The Committee to Protect Journalists is outraged at your government's continued clampdown on independent media in Zimbabwe, including proposed new legislation that could be used to jail journalists for up to 20 years. At a time when several other African countries are lifting criminal sanctions for press offenses, bringing their laws in line with international standards, Your Excellency's government is preparing to introduce penalties that are among the harshest on the continent. This will only further impede Zimbabwe's media, which already face other restrictive laws.
According to local and international press reports, the Criminal Law (Codification and Reform) Bill currently before Parliament imposes up to 20 years' imprisonment, heavy fines, or both for publishing "false" information deemed prejudicial against the state. Clause 31 would make it an offense to publish or communicate "to any other person a statement which is wholly or materially false with the intention or realizing that that there is a real risk of inciting or promoting public disorder or public violence or endangering public safety; or adversely affecting the defense and economic interests of Zimbabwe; or undermining public confidence in a law enforcement agency, the Prison Service or the Defense Forces of Zimbabwe; or interfering with, disrupting or interrupting any essential service."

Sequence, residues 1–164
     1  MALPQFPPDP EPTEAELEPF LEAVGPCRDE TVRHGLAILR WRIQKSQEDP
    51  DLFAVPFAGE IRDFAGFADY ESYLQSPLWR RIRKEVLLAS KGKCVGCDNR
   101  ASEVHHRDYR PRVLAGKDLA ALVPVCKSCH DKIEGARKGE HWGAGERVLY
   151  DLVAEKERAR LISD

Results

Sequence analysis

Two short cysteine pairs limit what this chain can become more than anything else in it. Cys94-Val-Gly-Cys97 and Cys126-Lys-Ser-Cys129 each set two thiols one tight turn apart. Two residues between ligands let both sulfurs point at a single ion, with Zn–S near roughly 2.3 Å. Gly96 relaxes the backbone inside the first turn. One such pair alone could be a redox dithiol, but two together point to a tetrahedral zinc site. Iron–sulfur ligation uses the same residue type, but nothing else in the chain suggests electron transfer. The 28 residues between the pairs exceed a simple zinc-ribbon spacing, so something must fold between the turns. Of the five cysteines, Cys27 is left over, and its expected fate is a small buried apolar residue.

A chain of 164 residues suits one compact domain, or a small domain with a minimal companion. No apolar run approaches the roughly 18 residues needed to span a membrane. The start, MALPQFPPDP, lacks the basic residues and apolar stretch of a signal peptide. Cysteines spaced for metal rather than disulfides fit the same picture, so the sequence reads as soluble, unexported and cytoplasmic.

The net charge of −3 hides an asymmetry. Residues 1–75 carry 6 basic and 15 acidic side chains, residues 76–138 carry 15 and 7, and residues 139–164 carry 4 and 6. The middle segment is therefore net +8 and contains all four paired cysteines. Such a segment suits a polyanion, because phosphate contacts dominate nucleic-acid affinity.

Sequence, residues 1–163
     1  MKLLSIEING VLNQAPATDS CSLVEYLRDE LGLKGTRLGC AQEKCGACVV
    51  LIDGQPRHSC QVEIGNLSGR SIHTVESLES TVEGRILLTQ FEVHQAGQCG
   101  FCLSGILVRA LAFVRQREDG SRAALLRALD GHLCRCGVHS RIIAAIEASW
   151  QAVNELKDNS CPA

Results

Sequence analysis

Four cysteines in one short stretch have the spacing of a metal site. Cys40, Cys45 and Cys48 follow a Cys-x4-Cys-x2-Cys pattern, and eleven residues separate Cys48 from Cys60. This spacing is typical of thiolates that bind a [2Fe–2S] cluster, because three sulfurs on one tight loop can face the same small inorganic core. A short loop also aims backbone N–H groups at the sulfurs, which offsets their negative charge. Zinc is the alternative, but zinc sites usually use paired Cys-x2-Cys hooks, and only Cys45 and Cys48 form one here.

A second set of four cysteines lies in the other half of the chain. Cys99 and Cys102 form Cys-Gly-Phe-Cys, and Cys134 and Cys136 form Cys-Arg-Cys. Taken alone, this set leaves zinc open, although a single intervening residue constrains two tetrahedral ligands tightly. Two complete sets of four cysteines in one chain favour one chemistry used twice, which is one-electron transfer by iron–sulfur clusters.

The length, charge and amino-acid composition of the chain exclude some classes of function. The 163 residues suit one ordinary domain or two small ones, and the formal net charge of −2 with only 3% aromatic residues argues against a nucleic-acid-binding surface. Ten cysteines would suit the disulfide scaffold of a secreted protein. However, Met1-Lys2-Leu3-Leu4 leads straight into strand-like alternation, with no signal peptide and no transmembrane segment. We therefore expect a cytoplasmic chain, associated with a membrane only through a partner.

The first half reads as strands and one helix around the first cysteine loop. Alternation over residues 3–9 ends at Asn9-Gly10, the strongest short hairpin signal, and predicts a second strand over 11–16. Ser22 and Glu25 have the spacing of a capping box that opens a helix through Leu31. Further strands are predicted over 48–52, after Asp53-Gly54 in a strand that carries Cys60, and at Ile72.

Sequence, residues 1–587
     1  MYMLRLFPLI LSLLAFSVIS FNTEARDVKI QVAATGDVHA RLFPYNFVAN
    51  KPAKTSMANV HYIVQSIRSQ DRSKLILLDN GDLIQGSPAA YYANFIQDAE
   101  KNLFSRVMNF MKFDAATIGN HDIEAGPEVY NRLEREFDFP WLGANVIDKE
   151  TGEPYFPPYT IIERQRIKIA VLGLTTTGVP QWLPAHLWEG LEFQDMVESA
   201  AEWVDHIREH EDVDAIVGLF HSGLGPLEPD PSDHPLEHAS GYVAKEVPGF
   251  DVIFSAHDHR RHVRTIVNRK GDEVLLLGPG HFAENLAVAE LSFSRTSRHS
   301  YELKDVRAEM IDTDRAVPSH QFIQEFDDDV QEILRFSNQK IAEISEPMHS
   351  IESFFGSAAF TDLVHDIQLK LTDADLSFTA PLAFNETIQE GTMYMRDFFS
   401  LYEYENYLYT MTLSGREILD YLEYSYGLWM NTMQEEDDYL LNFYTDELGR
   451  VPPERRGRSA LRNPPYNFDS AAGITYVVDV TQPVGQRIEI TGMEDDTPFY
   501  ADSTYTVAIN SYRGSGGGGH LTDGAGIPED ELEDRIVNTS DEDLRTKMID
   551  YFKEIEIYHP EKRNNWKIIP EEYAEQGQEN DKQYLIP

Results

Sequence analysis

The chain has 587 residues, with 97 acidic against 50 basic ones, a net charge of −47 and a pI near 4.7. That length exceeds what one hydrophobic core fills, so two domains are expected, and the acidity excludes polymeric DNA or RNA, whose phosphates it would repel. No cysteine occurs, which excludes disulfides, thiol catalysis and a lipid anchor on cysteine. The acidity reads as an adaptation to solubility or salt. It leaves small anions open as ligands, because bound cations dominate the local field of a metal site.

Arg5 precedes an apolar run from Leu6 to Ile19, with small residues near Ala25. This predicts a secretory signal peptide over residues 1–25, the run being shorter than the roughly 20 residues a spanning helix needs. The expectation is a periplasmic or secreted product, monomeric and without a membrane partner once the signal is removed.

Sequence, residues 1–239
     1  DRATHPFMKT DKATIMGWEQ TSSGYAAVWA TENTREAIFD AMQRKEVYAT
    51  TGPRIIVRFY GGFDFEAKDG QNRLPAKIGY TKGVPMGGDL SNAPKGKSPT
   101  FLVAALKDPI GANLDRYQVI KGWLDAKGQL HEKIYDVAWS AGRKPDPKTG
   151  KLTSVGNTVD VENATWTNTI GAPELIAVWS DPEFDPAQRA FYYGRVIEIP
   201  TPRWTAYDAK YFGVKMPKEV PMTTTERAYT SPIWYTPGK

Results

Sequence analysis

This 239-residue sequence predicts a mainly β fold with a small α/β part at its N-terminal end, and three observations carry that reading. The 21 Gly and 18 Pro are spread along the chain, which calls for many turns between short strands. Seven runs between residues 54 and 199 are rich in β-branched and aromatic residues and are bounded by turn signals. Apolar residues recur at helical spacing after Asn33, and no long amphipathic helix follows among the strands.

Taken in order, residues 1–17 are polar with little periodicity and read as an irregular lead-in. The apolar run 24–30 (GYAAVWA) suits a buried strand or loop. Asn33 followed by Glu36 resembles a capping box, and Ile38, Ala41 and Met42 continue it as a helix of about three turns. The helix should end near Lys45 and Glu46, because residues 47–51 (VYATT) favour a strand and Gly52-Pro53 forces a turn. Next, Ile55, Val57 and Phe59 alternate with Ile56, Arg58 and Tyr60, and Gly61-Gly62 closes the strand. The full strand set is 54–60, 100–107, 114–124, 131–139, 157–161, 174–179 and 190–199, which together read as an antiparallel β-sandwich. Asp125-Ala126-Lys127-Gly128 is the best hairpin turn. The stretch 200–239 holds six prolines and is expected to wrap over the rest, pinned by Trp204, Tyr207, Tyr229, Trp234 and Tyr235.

This comes on top of the already draconian Public Order and Security Act (POSA) and the Access to Information and Public Privacy Act (AIPPA), which was last month strengthened to impose a jail sentence of up to two years for any journalist caught working without accreditation from the government-controlled media commission. Dozens of journalists have already been detained and harassed under AIPPA and POSA since these laws were introduced in 2002, while AIPPA has been used to shutter Zimbabwe's only independent daily newspaper, the Daily News.
As well as intimidating journalists, CPJ sources say the Criminal Law (Codification and Reform) Bill could be used to intimidate their sources. They fear that the law's language could also be used broadly against Zimbabweans who communicate with news outlets and other organizations based abroad.
These moves to tighten already restrictive legislation come in the run-up to general elections scheduled for March 2005. We respectfully remind Your Excellency of Zimbabwe's commitment to the Southern African Development Community principles and guidelines governing democratic elections, which include safeguarding freedom of expression and access to the media (Section 7.4).
We call on Your Excellency to do everything within your power to repeal all repressive media legislation and ensure that the draconian proposals currently before Parliament are dropped. We also urge you to do all in your power to allow the Daily News to re-open and independent journalists to work in Zimbabwe without fear of reprisal.
Thank you for your attention to this urgent matter. We await your reply.